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Views from the chair lift
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An breathtaking and relaxing ride – for those not afraid of heights
Capri is well known for some of it’s rock formations; one of them being the Arco Naturale (the other is the Faraglioni). It was such a cool sight to see, the pictures don’t do it justice. The water visible from under the arc shows a bright blue color in this picture that was even more vibrant and magnificent in person.

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Arco Naturale
Advice to those thinking of vacationing in Capri:

Highly consider visiting in the summer time – Majority of the shops and activities are closed in the winter and spring because it is not tourist season. Although a relaxing trip, we didn’t get an experience of the island in full swing.

Check into seeing the Blue Grotto – One of Capri’s hidden gems, It’s lucky if the tides and winds are low enough for the Blue Grotto to run. Unfortunately, we were unable to experience this the day we visited, but I’ve heard it’s amazing to see the water illuminate in the cave at night.

Look into airbnb and bed and breakfast stays – there are quite a few in Capri and we really enjoyed our airbnb as well as the friendly company of the owners. (The B&B we stayed in here)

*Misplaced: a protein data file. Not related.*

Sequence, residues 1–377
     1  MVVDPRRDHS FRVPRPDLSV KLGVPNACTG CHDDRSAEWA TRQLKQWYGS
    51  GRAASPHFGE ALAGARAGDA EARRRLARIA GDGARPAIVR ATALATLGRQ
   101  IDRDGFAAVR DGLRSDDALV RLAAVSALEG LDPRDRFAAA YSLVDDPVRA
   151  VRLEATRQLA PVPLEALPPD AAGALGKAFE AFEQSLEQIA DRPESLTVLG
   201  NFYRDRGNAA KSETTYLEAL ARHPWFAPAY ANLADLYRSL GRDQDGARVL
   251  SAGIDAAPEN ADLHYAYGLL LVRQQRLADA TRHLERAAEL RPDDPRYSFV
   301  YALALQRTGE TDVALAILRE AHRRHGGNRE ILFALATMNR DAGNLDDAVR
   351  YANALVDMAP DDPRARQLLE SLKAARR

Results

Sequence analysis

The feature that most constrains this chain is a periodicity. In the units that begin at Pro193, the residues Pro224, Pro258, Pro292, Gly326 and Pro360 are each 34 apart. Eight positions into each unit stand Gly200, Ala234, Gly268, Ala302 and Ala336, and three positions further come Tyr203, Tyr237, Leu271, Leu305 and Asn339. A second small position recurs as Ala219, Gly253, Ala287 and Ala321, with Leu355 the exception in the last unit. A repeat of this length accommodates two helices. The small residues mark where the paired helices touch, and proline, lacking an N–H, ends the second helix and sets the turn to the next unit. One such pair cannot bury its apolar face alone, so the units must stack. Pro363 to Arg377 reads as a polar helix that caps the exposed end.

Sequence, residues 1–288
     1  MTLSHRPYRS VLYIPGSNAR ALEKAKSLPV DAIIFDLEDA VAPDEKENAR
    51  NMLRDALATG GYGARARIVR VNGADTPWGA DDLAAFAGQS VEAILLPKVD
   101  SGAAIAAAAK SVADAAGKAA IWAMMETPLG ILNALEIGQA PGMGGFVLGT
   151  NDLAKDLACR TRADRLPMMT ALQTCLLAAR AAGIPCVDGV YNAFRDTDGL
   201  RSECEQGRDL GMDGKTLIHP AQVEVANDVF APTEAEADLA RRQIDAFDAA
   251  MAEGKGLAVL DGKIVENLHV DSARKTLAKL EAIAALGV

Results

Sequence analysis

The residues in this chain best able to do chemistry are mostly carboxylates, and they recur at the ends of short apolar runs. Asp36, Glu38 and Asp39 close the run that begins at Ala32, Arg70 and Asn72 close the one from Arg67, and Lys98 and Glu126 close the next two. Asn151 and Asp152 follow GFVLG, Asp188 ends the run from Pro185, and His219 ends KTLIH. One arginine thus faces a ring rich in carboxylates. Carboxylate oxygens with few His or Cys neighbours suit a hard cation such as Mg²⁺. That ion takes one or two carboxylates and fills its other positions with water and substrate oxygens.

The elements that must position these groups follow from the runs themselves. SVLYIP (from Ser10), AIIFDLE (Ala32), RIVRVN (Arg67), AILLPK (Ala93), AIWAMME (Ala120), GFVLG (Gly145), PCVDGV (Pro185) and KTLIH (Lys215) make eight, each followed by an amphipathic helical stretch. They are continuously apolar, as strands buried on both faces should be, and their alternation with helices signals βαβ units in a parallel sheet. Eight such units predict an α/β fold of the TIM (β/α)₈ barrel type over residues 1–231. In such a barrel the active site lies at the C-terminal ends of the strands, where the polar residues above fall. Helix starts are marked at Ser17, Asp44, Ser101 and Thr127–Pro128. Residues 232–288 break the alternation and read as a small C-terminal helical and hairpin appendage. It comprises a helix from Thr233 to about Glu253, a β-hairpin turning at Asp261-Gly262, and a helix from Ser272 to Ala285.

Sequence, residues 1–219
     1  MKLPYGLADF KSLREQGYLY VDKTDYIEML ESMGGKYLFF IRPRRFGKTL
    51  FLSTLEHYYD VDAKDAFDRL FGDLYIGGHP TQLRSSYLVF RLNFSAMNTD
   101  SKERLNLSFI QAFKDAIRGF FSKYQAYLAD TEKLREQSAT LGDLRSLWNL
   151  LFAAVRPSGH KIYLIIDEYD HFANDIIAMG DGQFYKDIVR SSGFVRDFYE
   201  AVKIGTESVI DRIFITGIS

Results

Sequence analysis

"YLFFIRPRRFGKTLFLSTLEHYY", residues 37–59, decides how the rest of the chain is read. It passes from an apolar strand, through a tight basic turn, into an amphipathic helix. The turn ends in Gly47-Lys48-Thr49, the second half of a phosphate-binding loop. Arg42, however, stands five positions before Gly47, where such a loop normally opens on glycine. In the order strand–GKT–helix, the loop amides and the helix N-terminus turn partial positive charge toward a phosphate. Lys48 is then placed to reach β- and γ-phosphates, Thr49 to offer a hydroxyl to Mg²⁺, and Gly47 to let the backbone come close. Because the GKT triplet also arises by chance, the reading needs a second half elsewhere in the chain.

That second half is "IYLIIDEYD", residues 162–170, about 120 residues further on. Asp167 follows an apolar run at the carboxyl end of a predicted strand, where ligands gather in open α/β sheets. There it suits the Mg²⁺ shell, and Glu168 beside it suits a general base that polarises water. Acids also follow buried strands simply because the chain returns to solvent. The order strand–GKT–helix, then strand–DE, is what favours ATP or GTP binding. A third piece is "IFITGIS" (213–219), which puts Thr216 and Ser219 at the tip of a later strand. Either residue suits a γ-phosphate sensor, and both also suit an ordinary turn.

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Elegant shopping street in Capri

Ancient Fiesole

Fiesole, Italy – A small town located 30 minutes north of Florence is easy to travel to by bus. Lauren (one of my roommates) and I took a day trip to this quiet town to explore the hills of tuscany. Upon arrival, we stepped off the bus in the city’s square, which was smaller than any square in Florence. It seemed as though the town was deserted since the only people we saw were those getting off the bus with us. As we made our way along the windy main road, we found ourselves practically scaling the buildings as the sidewalks barely existed. We reached some amazing views of the hills and could see for miles since Fiesole lies at the very top of a (Tuscan) hill. Both sides of the city looked onto beautiful views; at one overlook, we were able to see the entire city of Florence.

A look at the city of Fiesole